In which of the following areas do you most need partners or support?

  • Financial (e.g. accounting practices, pitching to investors)
  • Human Capital (e.g. sourcing talent, board development)
  • Legal or Regulatory Matters
  • Monitoring & Evaluation (e.g. collecting/using data, measuring impact)
  • Public Relations (e.g. branding/marketing strategy, social and global media)
  • Technology (e.g. software or hardware, web development/design)

Who is the Team Lead for your solution?

Carl Acolatse

More About Your Solution

What makes your solution innovative?

Our solution of creating construction bricks from recycled plastics is innovative for several reasons

First is its novelty within our context, as the traditional means of building homes in Ghana typically involves using concrete blocks or burnt bricks. The use of waste plastics to create bricks is a relatively new technology globally, and while some companies in Uganda and Colombia have adopted similar methods, Nelplast is the first and so far the only company in Ghana to offer this solution. Moreover, our technology and processes are proprietary, independently developed by our team in our own factory and quite different from other solutions that create bricks from plastic waste. Our compression mould, cooling technology, and brick design is globally unique, focusing on product durability, affordability, ease of use, and insulation, making it specifically suitable for construction with low skill requirements in tropical climates and reducing or eliminating the need for cooling.

Second is the use of plastic waste as a resource - Our solution has created an innovative and sustainable use for the 200 tonnes of plastic waste generated daily in Ashaiman. We promote the circular economy as we are now redirecting waste that would normally end up in landfills or water bodies to our factory where we transform them into construction bricks. In our processes we implement a zero waste policy as we recycle the leftover bricks used in building and the waste from our manufacturing process back into new eco bricks.

Finally, our contribution to low carbon emissions: Traditional building materials like concrete blocks and burnt bricks require a lot of energy and resources to produce (i.e. water, heat, gravels, cement, sand, labour). These alternatives are not eco-friendly because apart from the energy used in burning bricks, the production of cement, the primary component of concrete blocks, accounts for 8% of global carbon dioxide emission. Our solution on the other hand only requires plastic waste and sand, with small fractions (2%) of other materials. Our approach also incorporates a hollow design which dramatically increases insulation, making homes built with them cooler and reducing or eliminating the need for energy consuming appliances like fans and air conditions. This makes our solution a more energy-efficient and eco-friendly alternative.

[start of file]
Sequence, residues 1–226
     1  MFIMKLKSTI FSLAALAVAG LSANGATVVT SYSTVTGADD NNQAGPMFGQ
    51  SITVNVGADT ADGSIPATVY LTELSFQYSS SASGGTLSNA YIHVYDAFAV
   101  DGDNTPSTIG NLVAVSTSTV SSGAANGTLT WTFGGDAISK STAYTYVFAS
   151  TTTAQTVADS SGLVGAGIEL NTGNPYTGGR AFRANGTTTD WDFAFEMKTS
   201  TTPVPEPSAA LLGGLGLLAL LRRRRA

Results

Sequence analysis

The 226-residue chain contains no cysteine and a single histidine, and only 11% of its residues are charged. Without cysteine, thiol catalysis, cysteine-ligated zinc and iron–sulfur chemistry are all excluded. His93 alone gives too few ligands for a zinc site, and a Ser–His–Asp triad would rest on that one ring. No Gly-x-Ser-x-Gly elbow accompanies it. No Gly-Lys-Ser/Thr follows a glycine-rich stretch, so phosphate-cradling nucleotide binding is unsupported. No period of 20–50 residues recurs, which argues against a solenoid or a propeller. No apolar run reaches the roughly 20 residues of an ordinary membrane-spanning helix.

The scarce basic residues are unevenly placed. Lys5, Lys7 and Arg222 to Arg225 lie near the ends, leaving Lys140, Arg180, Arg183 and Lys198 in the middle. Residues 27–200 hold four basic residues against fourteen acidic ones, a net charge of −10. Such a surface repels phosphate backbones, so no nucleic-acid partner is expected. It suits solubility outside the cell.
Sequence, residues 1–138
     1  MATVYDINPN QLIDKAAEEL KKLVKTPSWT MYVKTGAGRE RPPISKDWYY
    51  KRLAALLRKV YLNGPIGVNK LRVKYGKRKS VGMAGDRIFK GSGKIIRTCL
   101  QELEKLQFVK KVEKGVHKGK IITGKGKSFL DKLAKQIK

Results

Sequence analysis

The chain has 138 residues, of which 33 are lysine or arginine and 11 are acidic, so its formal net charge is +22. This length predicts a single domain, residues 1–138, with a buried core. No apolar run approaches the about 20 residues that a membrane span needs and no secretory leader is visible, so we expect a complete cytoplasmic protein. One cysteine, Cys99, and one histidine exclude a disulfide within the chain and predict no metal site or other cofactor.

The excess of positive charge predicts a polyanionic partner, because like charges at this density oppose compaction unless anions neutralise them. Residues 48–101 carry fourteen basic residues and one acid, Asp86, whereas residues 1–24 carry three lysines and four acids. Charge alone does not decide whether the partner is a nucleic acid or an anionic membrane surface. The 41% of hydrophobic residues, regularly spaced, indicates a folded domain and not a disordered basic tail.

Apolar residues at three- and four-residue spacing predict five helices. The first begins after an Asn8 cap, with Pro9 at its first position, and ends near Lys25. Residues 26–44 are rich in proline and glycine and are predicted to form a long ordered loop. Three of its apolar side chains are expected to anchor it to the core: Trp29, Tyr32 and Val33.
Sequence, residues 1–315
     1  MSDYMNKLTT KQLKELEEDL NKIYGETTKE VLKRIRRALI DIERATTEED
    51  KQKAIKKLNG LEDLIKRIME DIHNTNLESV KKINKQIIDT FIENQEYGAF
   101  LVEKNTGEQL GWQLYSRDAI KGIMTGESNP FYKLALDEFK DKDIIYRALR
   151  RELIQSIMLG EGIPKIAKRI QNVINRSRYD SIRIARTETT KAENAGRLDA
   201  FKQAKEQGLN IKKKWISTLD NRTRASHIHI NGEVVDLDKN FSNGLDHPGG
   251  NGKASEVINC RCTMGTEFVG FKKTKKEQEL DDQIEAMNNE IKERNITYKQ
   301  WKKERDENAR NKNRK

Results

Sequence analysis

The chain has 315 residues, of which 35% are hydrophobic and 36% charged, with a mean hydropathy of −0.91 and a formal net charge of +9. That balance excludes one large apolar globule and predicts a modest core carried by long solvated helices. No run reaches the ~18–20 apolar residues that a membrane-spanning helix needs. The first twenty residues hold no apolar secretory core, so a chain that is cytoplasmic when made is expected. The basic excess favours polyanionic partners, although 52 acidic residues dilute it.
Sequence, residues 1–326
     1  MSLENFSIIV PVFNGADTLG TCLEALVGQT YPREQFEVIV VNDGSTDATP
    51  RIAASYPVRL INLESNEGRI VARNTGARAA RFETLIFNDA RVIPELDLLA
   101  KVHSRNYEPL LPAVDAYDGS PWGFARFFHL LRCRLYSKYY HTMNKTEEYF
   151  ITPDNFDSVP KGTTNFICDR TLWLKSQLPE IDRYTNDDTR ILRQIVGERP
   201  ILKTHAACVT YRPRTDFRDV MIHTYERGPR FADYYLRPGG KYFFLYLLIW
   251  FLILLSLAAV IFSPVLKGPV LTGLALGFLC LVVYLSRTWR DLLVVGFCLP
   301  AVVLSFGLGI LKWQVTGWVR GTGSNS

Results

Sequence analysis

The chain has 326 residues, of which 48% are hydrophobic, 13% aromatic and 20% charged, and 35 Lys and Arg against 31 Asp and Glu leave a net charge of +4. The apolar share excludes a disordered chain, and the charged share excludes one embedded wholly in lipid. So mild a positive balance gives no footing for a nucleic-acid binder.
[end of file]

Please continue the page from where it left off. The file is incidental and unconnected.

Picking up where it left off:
Our innovative solution has contributed to providing affordable low-carbon homes at 60% of the average price of a regular home, can last for up to 200 years and withstand extreme weather conditions, is 100% recyclable, reduces plastic pollution (by 300 tonnes of waste per month) reduces resource depletion (of cement, gravel, sand and water) and reduces energy consumption.

What are your impact goals for the next year and the next five years, and how will you achieve them?

By next year we intend to increase our brick production capacity from 150,000 to 300,000 bricks per annum translating into a 50% increase in the construction of our low carbon homes, to help bridge the housing gap in Ghana. This also corresponds to an increase in our waste collection capacity from 300 to at least 600 tonnes a month.

In the next five years, our goal is to significantly increase our brick production and home construction by up to three times our current production. We also plan to expand our production and construction services to other communities outside of Ashaiman. With more of our low-carbon homes across the country, there will be a significant reduction in the costs of housing and improved accessibility for other income classes. This will reduce carbon emissions, promote sustainability and inclusivity.

Again, within the next 5 years we plan on introducing roofing tiles made from waste plastics - the technical design of the roofing tile has already been done. This new product will further reduce the costs of building and carbon emissions from construction, and further increase accessibility of home ownership to lower income earners, making our low-carbon housing products even more affordable and thus more inclusive.

Moreover, increasing production of our bricks and eco homes as well as producing roofing tiles from plastic waste will simultaneously create more jobs and income opportunities for up to 1000 waste pickers, as we will need to increase our waste collection capacity (1200 tonnes/month) to meet our production needs. We will do this by recruiting more waste pickers and partnering with at least 10 independent waste aggregators and waste collection companies. This will not only increase our waste collection capacity, but also ensure we have a consistent supply of plastic waste to meet our production targets.